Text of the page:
| SAN FRANCISCO, April 14
SAN FRANCISCO, April 14 A California federal
judge is set to hear arguments on Friday in a case brought by
two large counties requesting the suspension of President Donald
Trump's executive order that seeks to withhold federal funds
from so-called sanctuary cities for immigrants.
As part of a larger plan to transform how the United States
deals with immigration and national security, Trump in January
signed an order targeting cities and counties that limit
cooperation with federal immigration authorities.
Santa Clara County, which includes the city of San Jose and
several smaller Silicon Valley communities, sued in San
Francisco federal court in February, saying Trump's plan to
withhold federal funds is unconstitutional. San Francisco filed
a similar lawsuit.
U.S. District Judge William Orrick III is hearing both
Both counties have asked for a nationwide preliminary
injunction to halt Trump's order, which Orrick is scheduled to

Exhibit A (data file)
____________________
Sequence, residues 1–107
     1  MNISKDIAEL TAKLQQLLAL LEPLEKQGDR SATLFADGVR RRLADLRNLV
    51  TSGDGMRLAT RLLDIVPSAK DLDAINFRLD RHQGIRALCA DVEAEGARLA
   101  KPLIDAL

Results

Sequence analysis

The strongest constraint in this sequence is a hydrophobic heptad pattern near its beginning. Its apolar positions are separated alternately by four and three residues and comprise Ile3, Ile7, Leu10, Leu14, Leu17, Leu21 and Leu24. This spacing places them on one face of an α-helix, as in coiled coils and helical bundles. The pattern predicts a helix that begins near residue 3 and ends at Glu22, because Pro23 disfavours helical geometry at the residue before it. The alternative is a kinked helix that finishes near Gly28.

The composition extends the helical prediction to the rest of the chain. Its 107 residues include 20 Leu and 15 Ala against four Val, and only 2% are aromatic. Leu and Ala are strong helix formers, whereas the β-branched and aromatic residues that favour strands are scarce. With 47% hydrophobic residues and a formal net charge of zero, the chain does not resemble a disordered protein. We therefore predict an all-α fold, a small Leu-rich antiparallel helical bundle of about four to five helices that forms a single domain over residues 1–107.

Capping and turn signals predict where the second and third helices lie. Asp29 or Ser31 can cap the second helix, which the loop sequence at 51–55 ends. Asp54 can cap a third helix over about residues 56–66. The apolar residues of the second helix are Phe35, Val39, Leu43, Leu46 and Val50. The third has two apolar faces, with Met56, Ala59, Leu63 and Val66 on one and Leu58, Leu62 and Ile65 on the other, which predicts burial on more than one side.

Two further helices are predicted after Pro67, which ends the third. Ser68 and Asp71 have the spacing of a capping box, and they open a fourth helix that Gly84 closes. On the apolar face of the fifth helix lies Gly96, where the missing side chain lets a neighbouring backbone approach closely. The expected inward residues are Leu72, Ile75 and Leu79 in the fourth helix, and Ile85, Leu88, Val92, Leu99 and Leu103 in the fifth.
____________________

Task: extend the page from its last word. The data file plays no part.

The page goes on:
consider on Friday. Santa Clara County receives roughly $1.7
billion in federal and federally dependent funds annually, about
35 percent of its total revenues, according to court filings.
The county argued that its budgetary and planning process
had been thrown "into disarray" by the executive order, because
the county often spends money up front and then is reimbursed by
the federal government.
The U.S. Department of Justice said a federal court should
not suspend the executive order, because "government budgeting
always suffers from some amount of uncertainty."
To win a nationwide injunction, the local governments must
demonstrate a high level of harm, and mere budget uncertainty
does not meet the bar, the Justice Department noted last month
in court filings.
Sanctuary cities in general offer safe harbor to illegal
immigrants and often do not use municipal funds or resources to
advance the enforcement of federal immigration laws. Sanctuary
city is not an official designation.
Trump has vowed to get tougher on the estimated 11 million
illegal immigrants in the United States than his Democratic
predecessor, Barack Obama. Protesters have taken to the streets
in opposition to Trump's plans and organized events such as "A
Day Without Immigrants" to highlight the importance of
foreign-born people to the U.S. economy.
(Reporting by Robin Respaut; additional reporting by Dan